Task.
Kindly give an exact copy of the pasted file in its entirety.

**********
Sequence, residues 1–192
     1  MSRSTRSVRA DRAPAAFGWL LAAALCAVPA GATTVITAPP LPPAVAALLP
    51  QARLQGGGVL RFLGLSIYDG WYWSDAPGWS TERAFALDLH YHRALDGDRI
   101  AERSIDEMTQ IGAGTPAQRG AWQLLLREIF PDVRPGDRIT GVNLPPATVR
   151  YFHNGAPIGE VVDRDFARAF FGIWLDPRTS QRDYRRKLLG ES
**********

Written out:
Sequence, residues 1–192
     1  MSRSTRSVRA DRAPAAFGWL LAAALCAVPA GATTVITAPP LPPAVAALLP
    51  QARLQGGGVL RFLGLSIYDG WYWSDAPGWS TERAFALDLH YHRALDGDRI
   101  AERSIDEMTQ IGAGTPAQRG AWQLLLREIF PDVRPGDRIT GVNLPPATVR
   151  YFHNGAPIGE VVDRDFARAF FGIWLDPRTS QRDYRRKLLG ES